Institute of Emerging Psychologies

Consciousness is ineffable and difficult to picture or imagine, yet we tend to live
our lives within the parameters of what we believe consciousness to be. Anomalous
phenomena occur at the intersection of normal waking consciousness and the vast
unconscious. Paranormal p (a/k/a anomalous) phenomena command our attention
because their incongruity and unexpectedness jerk us out of our complacency. They
break through the barrier between what we consider to be “normal” and the unknown that lurks just beyond the scope of our sensory cognition. Encounters with ghosts, spirits, UFOs or even psi experiences cause us to question the validity of our beliefs about consciousness and the true nature of the material world around us.
Science itself has always been motivated to observe anomalies. These
irregularities could lead to what Thomas Kuhn referred to as scientific revolutions
(Kuhn, 1996). Such revolutions progress as follows:
    1. A dominant paradigm of belief governs perception of a phenomenon, and what constitutes “truth.”
    2. All questions are answered within the parameters of these paradigmatic beliefs.
    3. A phenomenon is observed that cannot be satisfactorily explained by the
dominant paradigm.
    4. The anomaly causes questions to arise that cannot be answered from within the
parameters of the dominant paradigmatic beliefs.
    5. Study of the anomalous phenomenon generates deeper, expanded research resulting in new answers that supersede the previous paradigm.
    6. These new insights and information lead to the creation of a new dominant
paradigm. This is the scientific revolution that results in what Kuhn referred to as a “paradigm shift (DeWitt, 2010; Kuhn, 1996).

A good example of such a scientific revolution and subsequent paradigm shift is how the observed seemingly anomalous periodic retrograde movement of Mars inspired the inquiry that ultimately led to the overthrow of the Ptolemaic geocentric model of astronomy and replaced it with a heliocentric model of the solar system (DeWitt, 2010).
Verifiable reports of anomalous phenomena could well be the inspiration behind
the next scientific revolution because they represent an entire genre of observations and experiences that cannot be explained by the current dominant paradigm, which is based in Newtonian physics and positivism. The current paradigm and its approved methods of inquiry fail to explain or account for so-called paranormal/anomalous phenomena. Parapsychology developed specifically to determine the viability of anomalous phenomena (particularly psi) by imposing criteria and using methods approved by the dominant positivist paradigm. With some exceptions (e.g. ESP, distance viewing, and telekinesis) which are amenable to experimentation within controlled environments, most paranormal events are well outside the boundaries of the accepted methods sanctioned for their serious study. Reported accounts of anomalous phenomena by non-scientists are usually deemed to be unreliable and dismissed as spurious “anecdotal evidence” by those in academic and scientific authority. Unfortunately anecdotal evidence is the primary source of most paranormal observations.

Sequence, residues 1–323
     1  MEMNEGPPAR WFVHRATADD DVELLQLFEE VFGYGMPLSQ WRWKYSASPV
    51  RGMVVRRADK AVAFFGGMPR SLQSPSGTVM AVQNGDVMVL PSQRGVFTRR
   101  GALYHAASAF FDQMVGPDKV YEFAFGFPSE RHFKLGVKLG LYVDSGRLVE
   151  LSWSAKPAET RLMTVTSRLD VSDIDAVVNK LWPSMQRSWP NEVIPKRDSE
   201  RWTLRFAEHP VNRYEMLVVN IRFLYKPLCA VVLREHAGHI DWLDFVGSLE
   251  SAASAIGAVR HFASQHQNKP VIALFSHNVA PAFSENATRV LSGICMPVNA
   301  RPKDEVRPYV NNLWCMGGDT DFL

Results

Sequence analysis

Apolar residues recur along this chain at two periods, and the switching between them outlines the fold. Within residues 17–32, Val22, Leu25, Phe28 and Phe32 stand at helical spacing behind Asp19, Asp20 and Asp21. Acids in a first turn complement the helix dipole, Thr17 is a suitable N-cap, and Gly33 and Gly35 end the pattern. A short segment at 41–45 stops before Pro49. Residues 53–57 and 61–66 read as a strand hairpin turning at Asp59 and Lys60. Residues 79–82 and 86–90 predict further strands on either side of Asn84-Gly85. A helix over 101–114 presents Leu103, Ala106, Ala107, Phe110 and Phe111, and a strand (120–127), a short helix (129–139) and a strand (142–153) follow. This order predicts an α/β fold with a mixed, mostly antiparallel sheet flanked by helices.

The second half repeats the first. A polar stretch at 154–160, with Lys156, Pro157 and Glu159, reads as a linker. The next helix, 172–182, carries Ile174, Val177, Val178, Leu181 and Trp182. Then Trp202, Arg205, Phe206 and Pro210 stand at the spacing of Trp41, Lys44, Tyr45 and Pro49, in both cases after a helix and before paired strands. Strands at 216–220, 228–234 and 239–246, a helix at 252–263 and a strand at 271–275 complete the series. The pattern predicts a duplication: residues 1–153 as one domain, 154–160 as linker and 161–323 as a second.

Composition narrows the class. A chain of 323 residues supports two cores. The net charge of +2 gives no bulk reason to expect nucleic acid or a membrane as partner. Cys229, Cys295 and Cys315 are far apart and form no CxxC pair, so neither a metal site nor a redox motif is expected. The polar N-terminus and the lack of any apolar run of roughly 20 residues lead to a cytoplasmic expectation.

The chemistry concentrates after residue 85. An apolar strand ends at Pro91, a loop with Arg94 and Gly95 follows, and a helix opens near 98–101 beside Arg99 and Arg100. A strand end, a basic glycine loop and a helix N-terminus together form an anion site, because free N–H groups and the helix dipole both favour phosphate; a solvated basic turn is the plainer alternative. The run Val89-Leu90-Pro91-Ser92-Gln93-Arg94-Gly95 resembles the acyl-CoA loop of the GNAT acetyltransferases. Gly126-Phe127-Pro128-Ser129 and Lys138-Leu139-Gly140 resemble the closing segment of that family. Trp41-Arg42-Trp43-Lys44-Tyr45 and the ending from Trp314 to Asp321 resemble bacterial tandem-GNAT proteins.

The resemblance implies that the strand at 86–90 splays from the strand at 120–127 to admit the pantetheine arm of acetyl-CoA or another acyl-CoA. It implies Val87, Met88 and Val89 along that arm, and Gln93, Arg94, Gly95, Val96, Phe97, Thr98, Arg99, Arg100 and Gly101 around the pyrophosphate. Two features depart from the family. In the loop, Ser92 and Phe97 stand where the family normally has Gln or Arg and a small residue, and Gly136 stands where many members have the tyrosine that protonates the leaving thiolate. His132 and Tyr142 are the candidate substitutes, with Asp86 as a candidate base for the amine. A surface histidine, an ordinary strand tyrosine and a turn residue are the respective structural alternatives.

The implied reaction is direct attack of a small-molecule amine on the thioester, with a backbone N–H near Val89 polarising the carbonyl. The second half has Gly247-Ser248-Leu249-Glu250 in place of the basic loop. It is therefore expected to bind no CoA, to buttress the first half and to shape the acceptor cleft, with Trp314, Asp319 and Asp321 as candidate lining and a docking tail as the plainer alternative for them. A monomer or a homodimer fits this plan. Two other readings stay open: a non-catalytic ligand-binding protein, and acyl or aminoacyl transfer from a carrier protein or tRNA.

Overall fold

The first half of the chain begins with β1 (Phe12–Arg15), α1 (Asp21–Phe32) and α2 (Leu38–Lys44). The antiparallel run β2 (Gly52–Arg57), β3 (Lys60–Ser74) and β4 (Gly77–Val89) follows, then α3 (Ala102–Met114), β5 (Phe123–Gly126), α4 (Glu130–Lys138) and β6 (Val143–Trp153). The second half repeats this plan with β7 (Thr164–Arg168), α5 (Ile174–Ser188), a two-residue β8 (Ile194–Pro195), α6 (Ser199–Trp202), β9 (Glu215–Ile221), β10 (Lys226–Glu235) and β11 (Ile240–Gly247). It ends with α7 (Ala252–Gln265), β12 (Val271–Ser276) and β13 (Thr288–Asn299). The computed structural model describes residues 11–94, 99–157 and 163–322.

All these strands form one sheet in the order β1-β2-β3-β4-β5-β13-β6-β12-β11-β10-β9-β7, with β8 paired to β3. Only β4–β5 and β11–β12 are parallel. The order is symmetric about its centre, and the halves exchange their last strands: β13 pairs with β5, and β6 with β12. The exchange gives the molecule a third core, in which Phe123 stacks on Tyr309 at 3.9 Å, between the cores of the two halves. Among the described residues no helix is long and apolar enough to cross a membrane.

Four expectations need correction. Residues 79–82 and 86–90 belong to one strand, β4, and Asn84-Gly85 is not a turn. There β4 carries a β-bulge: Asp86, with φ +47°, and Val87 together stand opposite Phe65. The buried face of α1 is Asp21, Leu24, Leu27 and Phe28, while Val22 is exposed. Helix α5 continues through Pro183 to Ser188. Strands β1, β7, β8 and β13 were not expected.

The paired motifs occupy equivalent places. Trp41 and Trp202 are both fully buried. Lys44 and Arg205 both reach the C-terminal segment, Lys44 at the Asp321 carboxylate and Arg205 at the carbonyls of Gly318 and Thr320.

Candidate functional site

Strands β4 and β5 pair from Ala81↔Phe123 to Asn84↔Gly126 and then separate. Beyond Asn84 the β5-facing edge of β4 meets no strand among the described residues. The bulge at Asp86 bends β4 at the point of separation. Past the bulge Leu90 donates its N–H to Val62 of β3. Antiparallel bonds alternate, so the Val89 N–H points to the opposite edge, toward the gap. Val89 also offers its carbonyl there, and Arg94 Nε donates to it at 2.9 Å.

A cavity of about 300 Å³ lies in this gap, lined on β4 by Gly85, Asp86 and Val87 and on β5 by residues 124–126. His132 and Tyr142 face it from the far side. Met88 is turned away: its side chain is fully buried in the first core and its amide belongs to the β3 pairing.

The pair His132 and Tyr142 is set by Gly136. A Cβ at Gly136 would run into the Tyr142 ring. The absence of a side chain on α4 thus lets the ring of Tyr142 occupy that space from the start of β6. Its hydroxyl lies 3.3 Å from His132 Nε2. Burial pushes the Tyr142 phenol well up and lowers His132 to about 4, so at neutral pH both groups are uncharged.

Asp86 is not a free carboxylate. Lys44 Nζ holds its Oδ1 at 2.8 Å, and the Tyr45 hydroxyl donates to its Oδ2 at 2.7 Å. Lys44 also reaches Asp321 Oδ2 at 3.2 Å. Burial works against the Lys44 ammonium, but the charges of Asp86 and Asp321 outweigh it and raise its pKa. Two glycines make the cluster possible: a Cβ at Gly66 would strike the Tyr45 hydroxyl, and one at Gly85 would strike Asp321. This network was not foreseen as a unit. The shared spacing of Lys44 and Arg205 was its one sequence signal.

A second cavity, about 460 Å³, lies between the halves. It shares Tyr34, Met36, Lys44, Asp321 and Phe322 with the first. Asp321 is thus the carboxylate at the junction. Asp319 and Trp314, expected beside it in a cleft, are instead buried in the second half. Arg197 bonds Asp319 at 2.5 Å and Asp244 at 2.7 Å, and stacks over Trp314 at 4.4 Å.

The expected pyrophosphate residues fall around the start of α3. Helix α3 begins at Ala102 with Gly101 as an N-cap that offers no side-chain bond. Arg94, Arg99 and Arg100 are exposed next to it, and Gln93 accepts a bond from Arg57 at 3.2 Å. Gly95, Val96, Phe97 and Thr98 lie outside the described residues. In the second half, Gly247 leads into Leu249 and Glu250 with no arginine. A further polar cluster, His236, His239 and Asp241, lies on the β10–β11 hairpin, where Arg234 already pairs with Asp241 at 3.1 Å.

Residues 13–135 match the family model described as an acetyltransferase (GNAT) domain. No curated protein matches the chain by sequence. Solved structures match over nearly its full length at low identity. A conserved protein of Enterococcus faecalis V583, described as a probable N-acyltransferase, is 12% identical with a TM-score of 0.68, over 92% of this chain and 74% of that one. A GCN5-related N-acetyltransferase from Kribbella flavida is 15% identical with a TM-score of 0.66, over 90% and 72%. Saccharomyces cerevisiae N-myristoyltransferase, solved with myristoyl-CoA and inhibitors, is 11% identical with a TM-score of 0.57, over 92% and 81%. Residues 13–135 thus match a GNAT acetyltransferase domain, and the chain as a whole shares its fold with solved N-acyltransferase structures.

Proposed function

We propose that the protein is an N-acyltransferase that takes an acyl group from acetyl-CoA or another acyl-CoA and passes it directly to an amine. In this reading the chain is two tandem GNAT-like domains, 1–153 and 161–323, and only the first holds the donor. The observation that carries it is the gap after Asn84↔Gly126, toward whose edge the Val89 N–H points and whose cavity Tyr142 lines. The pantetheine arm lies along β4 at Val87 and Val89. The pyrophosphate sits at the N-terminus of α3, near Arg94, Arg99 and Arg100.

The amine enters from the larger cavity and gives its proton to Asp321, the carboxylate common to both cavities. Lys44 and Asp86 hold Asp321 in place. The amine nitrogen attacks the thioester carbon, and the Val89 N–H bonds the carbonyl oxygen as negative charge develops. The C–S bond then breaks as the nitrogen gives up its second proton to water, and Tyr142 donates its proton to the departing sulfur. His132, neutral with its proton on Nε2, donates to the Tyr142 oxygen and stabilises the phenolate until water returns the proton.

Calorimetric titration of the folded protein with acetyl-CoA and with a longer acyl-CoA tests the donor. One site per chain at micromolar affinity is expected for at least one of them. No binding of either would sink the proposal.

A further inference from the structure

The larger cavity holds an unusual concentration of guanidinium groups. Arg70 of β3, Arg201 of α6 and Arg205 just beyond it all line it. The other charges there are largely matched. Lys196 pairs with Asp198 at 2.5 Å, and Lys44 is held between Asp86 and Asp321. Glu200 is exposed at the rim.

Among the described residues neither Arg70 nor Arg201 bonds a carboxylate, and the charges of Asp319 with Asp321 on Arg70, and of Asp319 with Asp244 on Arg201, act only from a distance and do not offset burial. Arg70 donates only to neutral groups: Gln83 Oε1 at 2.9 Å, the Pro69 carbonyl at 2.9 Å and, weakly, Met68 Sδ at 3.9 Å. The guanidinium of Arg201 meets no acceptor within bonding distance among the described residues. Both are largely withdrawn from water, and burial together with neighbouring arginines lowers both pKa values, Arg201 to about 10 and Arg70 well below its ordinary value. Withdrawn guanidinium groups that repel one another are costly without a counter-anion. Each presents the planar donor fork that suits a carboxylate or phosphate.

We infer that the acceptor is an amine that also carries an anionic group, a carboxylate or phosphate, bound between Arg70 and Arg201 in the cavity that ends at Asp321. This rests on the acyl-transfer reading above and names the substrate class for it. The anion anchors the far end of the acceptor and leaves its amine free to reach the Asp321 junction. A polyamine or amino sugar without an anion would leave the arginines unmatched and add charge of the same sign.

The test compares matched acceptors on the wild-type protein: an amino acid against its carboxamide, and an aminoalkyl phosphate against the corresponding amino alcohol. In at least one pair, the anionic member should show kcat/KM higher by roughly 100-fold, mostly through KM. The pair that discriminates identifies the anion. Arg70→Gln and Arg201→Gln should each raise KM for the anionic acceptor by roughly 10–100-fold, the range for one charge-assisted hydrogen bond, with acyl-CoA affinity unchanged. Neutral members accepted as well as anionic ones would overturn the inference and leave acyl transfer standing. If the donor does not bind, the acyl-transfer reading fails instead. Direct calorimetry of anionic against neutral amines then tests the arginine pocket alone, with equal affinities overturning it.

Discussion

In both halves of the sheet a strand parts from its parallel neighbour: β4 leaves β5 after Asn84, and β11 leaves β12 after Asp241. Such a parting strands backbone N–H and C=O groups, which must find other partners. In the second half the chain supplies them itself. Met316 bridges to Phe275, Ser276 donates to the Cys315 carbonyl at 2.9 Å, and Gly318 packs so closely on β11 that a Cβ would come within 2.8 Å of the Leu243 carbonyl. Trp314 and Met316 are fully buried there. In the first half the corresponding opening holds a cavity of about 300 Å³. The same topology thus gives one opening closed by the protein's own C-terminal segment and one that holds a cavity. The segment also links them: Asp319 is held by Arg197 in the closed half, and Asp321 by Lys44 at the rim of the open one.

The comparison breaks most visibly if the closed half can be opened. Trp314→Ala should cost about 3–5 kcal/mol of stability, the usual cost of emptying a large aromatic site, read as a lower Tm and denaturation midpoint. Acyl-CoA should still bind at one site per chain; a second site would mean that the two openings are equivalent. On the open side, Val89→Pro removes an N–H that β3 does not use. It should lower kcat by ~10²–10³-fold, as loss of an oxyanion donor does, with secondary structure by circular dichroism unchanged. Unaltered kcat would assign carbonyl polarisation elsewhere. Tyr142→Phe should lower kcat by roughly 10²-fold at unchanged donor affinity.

This leaves us with a potentially paradigm changing assortment of observable
anomalies that are not being recognized because they cannot be studied within the
existing parameters of the current paradigm of belief and responsible inquiry.
Bouse, K. (2022). Finding the phoenix: Seven tools for transformative self-discovery. Bloomington, IN: Balboa Press.
DeWitt, R. (2010). Worldview: An introduction to the history and philosophy of
science. (2nd ed.) Chichester, UK: Wiley-Blackwell.
Kuhn, T. (1996). The structure of scientific revolutions. (3rd ed.) Chicago, IL: University of Chicago Press.